The Intent section for the Command pattern in the Go4 book reads:
Encapsulate a request as an object, thereby letting you parameterize clients with different requests, queue or log requests, and support undoable operations.
Let's break some of that down, and look at it in context of game programming.
The Ability to Parameterize the Invoking Code
This allows you to dynamically configure the thing that invokes the command with an action to execute. This can also be achieved with callbacks. Command objects can serve as on OO replacement for callbacks in a language that doesn't support them in a way that you need (e.g., no support for higher-order functions, or no support for closures); but if you need to access or manipulate the state associated with the command later, or to support more complex interface then just Execute(), having a Command class can help.
In the book, the pattern in introduced in the context of developing a framework for application menus, where a menu item can be configured by a Command. The important bit is that the menu item has no idea what it does or what the target object is - it has no understanding of the operation it executes, it just knows that something should happen when it's clicked.
You can vary this basic structure; for example, the receiver my be referenced indirectly, via an ID of some kind (and fetched by some other component).
In games, and specifically in game AI, one rather similar scenario is when you want to support scripting - a command can encapsulate a user-provided script (and maybe carry some metadata along, and possibly a reference to the scripting engine). Here, the calling code knows when and under what circumstances to execute a script, but has no idea what to do and which entities to affect. (Of course, there are other ways to do it).
This promotes separation of concerns between different systems involved (AI, Scripting).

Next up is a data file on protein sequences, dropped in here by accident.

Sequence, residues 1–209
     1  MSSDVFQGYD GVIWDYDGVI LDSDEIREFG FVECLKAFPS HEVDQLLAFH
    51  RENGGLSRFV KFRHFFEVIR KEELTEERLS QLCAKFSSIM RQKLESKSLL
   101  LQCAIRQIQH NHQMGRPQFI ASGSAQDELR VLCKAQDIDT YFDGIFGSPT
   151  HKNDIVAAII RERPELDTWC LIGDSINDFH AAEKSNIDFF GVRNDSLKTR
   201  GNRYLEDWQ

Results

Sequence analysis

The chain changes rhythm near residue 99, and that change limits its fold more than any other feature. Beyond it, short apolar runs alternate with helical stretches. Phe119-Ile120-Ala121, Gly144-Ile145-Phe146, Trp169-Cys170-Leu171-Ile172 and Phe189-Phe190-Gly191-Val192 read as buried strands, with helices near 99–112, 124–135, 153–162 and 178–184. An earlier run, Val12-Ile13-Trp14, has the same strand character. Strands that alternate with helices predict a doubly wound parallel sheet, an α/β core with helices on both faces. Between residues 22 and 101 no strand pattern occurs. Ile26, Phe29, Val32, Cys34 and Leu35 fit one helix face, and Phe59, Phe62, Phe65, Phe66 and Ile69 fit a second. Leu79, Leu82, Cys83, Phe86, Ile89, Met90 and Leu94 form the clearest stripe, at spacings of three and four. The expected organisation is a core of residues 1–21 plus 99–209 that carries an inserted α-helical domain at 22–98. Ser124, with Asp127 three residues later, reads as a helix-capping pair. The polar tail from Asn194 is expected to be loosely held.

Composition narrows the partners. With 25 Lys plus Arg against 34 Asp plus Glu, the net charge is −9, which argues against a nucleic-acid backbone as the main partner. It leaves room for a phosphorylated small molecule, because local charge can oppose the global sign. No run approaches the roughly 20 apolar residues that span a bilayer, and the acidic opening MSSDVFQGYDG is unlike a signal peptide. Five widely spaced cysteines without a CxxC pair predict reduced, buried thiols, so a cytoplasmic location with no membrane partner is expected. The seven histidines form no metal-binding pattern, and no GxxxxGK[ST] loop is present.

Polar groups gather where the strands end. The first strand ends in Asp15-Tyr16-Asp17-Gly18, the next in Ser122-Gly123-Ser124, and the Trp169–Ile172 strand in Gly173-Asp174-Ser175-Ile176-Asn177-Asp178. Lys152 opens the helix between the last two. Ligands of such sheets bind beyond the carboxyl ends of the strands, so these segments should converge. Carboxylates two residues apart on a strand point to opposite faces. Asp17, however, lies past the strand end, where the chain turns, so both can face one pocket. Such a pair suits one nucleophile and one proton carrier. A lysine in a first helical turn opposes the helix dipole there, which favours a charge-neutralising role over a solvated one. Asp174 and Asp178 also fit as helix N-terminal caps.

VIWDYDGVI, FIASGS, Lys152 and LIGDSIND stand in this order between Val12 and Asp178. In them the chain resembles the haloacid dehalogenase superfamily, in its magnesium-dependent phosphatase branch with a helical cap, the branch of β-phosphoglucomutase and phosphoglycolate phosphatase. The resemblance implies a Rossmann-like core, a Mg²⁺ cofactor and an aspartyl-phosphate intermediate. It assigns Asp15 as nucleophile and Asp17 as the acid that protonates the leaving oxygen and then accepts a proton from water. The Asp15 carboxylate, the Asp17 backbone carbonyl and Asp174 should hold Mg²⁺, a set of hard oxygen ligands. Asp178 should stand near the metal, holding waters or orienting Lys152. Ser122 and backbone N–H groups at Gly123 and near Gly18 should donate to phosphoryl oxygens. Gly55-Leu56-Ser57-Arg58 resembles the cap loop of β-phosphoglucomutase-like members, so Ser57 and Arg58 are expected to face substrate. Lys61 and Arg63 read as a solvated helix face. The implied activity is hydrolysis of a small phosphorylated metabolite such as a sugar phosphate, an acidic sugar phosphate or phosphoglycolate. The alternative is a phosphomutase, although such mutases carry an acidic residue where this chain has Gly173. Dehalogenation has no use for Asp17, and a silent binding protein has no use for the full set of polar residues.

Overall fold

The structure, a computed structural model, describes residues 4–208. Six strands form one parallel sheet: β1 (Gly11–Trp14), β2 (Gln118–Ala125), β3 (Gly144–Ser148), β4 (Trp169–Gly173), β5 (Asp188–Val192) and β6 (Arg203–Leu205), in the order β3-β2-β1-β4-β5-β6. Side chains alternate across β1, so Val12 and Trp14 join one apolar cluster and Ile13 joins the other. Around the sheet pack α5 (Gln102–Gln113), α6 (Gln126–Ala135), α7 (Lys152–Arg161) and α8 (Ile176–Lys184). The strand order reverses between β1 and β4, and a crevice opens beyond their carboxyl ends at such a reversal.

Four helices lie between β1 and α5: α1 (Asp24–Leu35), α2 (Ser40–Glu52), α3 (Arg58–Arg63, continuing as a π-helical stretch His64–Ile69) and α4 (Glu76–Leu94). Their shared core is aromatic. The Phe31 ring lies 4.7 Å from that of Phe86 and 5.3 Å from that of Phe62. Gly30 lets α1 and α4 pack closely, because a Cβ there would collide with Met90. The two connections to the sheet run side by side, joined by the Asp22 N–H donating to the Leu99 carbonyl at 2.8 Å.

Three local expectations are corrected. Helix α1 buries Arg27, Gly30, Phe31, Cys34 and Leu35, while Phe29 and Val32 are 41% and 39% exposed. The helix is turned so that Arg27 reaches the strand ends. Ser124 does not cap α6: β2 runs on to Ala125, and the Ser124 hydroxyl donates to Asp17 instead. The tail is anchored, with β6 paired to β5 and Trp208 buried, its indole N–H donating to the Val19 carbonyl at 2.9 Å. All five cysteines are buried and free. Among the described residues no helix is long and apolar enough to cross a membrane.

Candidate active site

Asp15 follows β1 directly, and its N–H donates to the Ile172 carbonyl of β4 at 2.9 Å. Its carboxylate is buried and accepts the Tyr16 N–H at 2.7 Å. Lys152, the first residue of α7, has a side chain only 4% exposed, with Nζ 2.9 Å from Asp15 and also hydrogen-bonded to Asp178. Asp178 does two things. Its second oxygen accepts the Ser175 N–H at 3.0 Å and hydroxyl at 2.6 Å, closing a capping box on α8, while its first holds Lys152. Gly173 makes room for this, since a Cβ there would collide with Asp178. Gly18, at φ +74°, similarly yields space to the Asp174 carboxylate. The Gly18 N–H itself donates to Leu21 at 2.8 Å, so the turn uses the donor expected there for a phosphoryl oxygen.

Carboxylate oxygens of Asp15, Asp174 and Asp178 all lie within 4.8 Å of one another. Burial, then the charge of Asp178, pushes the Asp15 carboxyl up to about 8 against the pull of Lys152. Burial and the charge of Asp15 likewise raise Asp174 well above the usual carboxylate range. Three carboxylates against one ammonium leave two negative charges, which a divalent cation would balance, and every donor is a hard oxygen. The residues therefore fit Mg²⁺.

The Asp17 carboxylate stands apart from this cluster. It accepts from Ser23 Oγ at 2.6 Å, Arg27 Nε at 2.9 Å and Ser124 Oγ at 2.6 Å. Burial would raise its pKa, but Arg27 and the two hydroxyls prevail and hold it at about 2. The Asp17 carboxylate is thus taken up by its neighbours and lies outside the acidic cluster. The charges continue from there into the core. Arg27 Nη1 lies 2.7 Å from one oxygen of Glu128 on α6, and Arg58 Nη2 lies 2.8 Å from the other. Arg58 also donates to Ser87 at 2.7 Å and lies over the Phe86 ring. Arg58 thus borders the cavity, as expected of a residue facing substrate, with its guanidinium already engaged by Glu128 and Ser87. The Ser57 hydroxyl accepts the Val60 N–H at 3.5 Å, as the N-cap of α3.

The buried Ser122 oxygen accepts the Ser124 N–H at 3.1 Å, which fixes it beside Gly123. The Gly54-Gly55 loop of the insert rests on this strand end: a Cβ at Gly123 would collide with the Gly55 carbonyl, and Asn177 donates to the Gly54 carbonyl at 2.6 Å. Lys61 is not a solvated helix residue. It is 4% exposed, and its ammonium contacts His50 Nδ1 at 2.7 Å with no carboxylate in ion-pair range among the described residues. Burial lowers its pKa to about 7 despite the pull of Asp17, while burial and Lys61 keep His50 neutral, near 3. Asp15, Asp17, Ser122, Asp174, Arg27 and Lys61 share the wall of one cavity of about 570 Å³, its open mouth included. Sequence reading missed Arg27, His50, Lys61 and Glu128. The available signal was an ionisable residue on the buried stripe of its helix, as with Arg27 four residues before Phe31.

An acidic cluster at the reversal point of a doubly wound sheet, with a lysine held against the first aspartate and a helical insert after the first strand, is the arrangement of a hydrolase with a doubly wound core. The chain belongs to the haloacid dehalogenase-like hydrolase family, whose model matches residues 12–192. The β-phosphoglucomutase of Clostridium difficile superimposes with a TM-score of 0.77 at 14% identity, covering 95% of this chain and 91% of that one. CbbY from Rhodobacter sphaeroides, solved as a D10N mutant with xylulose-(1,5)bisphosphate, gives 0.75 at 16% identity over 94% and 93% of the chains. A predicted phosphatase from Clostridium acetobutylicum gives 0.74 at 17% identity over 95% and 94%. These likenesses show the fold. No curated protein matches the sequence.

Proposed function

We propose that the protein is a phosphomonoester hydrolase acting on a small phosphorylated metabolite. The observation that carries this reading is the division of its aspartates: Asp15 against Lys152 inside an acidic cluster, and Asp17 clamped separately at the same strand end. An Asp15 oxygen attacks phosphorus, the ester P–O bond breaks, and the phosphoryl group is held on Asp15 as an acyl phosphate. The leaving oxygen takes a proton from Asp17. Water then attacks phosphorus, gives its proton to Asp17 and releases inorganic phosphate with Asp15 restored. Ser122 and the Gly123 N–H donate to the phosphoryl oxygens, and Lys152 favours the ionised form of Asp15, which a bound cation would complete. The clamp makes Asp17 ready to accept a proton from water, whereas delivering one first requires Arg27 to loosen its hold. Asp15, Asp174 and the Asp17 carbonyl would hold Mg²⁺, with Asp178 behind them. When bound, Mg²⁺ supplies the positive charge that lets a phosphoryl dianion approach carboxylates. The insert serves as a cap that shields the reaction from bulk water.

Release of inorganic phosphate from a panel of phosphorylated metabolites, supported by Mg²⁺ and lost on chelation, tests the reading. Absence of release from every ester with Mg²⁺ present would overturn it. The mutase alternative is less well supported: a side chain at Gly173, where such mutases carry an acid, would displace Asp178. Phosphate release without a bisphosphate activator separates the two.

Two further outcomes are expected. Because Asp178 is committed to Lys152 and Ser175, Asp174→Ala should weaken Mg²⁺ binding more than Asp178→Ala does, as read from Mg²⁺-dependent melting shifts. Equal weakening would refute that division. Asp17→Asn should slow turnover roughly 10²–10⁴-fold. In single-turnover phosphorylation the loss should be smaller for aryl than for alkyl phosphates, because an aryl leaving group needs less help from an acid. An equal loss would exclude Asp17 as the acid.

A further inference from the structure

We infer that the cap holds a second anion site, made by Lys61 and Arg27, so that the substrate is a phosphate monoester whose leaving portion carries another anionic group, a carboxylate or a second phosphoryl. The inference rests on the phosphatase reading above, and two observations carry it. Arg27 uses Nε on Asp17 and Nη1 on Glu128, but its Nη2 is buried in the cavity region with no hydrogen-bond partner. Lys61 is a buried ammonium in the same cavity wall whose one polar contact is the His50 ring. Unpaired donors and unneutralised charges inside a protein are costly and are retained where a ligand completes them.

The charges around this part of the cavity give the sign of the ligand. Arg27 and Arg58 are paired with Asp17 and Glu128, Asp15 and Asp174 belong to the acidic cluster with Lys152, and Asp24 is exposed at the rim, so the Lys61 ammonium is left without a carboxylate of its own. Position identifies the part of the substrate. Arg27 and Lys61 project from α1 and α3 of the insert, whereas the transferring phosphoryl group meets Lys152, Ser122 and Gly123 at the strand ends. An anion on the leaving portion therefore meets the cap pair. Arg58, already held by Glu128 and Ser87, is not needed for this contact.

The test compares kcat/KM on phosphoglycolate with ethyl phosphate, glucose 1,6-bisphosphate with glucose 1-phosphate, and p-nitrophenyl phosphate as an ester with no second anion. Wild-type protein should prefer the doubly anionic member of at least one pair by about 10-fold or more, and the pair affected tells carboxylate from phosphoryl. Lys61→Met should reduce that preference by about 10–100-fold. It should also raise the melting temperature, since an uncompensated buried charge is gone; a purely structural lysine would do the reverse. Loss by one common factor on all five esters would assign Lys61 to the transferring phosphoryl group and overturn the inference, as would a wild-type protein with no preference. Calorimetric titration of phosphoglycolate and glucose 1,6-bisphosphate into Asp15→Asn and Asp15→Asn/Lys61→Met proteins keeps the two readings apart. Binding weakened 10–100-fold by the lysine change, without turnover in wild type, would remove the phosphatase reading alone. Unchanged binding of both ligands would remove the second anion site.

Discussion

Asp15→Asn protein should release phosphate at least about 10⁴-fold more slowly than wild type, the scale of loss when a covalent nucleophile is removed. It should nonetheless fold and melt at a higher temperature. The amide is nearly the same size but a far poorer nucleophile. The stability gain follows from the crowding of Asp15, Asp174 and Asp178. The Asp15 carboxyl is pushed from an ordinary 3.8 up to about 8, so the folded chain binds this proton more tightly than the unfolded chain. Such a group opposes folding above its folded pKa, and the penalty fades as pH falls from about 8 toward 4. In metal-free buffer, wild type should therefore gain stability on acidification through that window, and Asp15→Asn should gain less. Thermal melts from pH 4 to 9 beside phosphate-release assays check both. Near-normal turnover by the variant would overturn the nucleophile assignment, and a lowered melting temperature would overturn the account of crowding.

But also, consider something less exotic. Keybindings. There could be multiple keys (or multiple triggers on different input devices) that invoke the same action, or actions can be context-dependent (same key does a different thing in different situations). Furthermore, the player can change these at any time. One way to handle this is to have a set of command objects that you can just plug into and out of the system that handles input, associating them with various triggers dynamically.
The Ability to Queue Requests
Once you have this infrastructure in place to map inputs to commands, you can leverage it in your AI system to control NPCs.
Now, you said:
Usually when programming AI you want the instructions to be executed instantly
Well, they don't have to be executed right at the moment the decisions are made - just within the current cycle in the game loop. Besides, if the game is using the ECS pattern, a command stream approach may be a good fit. Also, some games run their AI engines at a different update rate then the renderer and the rest of the game, and queuing AI output as commands may be a good way to approach this.
Support for Logging
This can mean literally logging, but let's think beyond that. A log is a recorded stream of events. That can potentially be (when constructed with some care), played back. Replay & demo support out of the box! Add in some timing metadata, and with some effort this can also support things like the time rewind mechanic, where the player can rewind time (up to a certain point) to try the same scenario again (something along the lines of what's possible in Braid, or in GRID 2).
The ability to support undo/redo is pretty self explanatory, so I won't go into it.
Another interesting thing you can do is combine this with the Composite pattern, which then enables you to have composite commands - which are made of subcommands. This may simply be treated as a convenience for you as a developer, but this could also provide support for building editors where users can build these composite commands in a GUI, or even enable you to incorporate this into gameplay, where the player can could build custom behaviors as a part of some mechanic - and have the game remember them (since you can serialize and deserialize commands, including composite commands).
Another benefit of treating commands as objects or data is that you can flexibly execute some of them in parallel (if the tasks are parallelizable), which may improve performance.